Rx, the transliteration of ℞, is a symbol meaning “prescription,” used by medical practitioners both in modern times and centuries past. The use of the symbol today is universal, though its origins are debated. The three primary theories as to its origins are detailed below, ordered by increasing historical age and, coincidentally, increasing level of plausibility.
Medieval Latin Abbreviation
The Rx symbol appears on Latin prescriptions and medical documents from Medieval Europe, presumably written by physicians in the Middle Ages. The reason given today is that “Rx” was an abbreviation of the Latin word recipere, meaning “to prepare,” and physicians simply wrote this symbol on medical prescriptions to save time. There is little debate over this usage in medieval times, though few documents bearing this symbol in such a context have been discovered.
The is greater debate over whether this usage developed independently in Medieval Europe or was actually a practice passed down from Roman physicians. It is possible this Latin abbreviation explanation was applied in retrospect to a practice widely established by ancient Greco-Roman physicians, as explained below.
The second theory as to the origin of the Rx symbol lies in Greco-Roman culture. This argument revolves around the symbol for the Roman mythological deity Jupiter, which Roman physicians may have often written on medical prescriptions. It is possible that this practice was passed down from Roman physicians to European physicians, and that Jupiter’s symbol had morphed into the Rx symbol by the Middle Ages.
There are two explanations given as to why Roman physicians would have written Jupiter’s symbol on their prescriptions. The first is that Roman physicians would typically offer a prayer to Jupiter asking for protection over their patient. To shorten this process, the argument goes, these doctors began writing the symbol for Mercury on their prescriptions at some point. The second explanation is that during Emperor Nero’s oppression of Christianity during the first century, Roman physicians would write Jupiter’s symbol on medical documents, including prescriptions, to demonstrate their rejection of Christianity and their support of Roman religion. Both of these explanations are plausible and may even both be true to a certain extent.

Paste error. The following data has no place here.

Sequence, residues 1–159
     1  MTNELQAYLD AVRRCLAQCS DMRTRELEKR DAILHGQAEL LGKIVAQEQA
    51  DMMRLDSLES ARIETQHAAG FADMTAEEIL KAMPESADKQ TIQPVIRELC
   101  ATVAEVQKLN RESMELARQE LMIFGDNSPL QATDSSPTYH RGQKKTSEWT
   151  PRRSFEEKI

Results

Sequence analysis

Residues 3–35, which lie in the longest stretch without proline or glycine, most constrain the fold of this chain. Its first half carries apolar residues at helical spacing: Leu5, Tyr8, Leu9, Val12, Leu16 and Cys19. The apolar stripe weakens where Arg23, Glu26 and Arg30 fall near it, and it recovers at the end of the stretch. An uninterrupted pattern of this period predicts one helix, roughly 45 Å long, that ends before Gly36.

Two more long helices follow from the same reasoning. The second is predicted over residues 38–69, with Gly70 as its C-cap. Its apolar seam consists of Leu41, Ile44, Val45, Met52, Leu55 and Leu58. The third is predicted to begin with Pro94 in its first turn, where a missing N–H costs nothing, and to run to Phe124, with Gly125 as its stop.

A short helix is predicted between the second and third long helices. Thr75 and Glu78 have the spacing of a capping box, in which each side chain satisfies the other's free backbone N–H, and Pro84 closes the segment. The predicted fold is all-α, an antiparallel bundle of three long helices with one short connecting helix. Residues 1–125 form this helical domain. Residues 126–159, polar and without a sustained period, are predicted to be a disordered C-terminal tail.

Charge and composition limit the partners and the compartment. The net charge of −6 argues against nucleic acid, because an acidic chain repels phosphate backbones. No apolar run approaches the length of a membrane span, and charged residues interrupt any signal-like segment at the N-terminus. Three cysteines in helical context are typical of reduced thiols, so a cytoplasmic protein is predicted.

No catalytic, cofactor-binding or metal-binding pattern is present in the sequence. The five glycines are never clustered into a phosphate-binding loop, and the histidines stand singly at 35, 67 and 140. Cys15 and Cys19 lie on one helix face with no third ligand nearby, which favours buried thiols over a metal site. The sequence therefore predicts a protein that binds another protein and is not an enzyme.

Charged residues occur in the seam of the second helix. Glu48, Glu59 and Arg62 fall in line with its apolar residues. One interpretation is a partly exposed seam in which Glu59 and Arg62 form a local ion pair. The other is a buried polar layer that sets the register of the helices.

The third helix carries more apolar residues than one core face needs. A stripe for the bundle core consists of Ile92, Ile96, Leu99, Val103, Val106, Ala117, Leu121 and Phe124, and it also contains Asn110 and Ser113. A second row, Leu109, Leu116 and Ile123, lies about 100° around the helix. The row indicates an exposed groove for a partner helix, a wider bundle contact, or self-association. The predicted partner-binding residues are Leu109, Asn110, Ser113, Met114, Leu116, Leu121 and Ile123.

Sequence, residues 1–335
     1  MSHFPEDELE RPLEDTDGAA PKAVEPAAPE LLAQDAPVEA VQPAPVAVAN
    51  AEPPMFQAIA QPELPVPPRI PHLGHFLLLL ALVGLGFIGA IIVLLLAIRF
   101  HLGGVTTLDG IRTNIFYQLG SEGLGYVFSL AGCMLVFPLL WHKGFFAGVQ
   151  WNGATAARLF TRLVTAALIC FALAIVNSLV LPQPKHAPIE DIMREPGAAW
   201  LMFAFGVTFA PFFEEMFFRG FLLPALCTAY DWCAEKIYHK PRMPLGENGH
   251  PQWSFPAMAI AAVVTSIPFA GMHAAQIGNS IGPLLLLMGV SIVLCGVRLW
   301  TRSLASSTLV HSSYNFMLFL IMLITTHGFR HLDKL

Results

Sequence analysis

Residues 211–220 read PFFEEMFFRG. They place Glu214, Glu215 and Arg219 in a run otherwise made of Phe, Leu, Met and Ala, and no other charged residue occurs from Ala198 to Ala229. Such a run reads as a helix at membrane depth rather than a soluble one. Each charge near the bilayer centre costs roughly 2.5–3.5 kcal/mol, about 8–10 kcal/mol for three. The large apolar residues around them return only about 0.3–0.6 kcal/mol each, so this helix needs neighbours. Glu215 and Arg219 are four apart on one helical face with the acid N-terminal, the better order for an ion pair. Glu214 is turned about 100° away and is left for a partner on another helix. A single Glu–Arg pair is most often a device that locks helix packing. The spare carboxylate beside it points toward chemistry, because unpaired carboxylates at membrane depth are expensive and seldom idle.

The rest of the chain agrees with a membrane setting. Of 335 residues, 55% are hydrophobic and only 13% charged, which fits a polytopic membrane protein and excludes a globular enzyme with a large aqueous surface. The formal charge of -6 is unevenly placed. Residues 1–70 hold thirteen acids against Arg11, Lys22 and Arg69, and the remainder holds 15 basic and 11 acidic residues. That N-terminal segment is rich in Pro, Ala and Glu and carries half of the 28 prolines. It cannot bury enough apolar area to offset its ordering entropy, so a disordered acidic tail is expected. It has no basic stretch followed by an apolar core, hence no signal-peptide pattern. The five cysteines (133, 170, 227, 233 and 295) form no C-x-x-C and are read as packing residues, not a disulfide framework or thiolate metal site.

One more theory extends even further back in history to ancient Egyptian culture. Within Egyptian mythology, the god Horus lost his eye to an attack from Seth, an evil deity. However, Horus’ mother used her mythological power to restore his eye, and as such, the eye of Horus served as a symbol of healing and protection in ancient Egypt. Physicians would use amulets of the eye in their medical rituals, and both the living and the dead would wear these amulets for protection.
The argument goes that the prevalent use of this symbol spread through Egyptian influence into Roman culture, and its use permeated there. Were this the case, it would be possible that Roman physicians retrospectively explained the practice as worship of Jupiter, morphing the eye of Horus into a more Jupiter-like character in the process. While these characters do bear some similarities, the connection between the two is a greater logical stretch than that of the connection between the ancient Roman and medieval Latin practices.
It is also possible all three of these symbols were used in isolation, and their resemblance is only coincidental. Were this the case, the Rx symbol would be a tradition passed down only from the Middle Ages. However, had these characters actually influenced each other, the development of the symbol throughout the centuries would have looked something like the following:
Zebroski, B. (2016). A brief history of pharmacy: Humanity’s search for wellness. New York: Routledge.
Enderle, J. D. (2011). Introduction to biomedical engineering. London: Academic Press.